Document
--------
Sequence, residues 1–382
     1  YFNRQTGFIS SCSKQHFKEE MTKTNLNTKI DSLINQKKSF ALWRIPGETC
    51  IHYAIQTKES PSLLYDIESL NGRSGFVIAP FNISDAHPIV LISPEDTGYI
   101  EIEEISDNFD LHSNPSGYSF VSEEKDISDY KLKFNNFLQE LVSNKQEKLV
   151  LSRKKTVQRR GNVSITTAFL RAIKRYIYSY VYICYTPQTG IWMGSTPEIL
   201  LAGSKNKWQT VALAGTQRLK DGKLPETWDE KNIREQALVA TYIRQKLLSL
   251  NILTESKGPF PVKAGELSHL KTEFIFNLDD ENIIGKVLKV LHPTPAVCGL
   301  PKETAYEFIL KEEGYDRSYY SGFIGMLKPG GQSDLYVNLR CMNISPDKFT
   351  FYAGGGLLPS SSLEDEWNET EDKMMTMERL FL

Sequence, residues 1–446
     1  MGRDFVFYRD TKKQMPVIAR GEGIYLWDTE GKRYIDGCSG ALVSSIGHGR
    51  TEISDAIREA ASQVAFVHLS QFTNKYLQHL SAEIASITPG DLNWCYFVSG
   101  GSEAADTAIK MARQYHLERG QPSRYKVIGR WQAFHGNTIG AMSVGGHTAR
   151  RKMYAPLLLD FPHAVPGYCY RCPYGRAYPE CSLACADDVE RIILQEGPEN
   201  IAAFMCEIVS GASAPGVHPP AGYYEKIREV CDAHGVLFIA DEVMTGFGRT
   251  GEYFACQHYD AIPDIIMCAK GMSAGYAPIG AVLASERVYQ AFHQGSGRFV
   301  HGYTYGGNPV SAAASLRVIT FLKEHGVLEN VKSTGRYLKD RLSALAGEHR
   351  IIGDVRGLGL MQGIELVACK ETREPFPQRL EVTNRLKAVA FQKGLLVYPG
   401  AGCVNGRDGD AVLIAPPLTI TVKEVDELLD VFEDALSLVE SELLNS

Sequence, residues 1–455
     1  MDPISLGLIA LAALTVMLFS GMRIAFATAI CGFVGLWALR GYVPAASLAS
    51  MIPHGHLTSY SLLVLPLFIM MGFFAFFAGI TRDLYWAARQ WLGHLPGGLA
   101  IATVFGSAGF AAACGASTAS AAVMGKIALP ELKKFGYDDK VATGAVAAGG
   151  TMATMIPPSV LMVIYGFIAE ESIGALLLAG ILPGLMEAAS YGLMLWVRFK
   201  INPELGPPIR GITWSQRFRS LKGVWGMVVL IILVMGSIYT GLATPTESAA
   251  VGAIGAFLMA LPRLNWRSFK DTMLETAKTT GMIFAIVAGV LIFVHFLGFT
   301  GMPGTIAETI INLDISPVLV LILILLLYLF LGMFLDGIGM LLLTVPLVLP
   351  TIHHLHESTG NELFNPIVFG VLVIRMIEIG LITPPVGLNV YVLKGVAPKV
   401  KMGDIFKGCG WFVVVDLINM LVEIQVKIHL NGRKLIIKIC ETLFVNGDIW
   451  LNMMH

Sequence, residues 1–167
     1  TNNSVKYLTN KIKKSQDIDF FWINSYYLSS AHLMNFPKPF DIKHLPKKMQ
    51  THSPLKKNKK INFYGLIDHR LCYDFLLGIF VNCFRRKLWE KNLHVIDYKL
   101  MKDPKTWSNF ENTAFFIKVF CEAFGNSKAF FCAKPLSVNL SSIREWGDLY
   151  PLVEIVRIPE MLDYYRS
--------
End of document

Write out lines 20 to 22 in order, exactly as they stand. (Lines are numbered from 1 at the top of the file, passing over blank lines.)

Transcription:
Sequence, residues 1–455
     1  MDPISLGLIA LAALTVMLFS GMRIAFATAI CGFVGLWALR GYVPAASLAS
    51  MIPHGHLTSY SLLVLPLFIM MGFFAFFAGI TRDLYWAARQ WLGHLPGGLA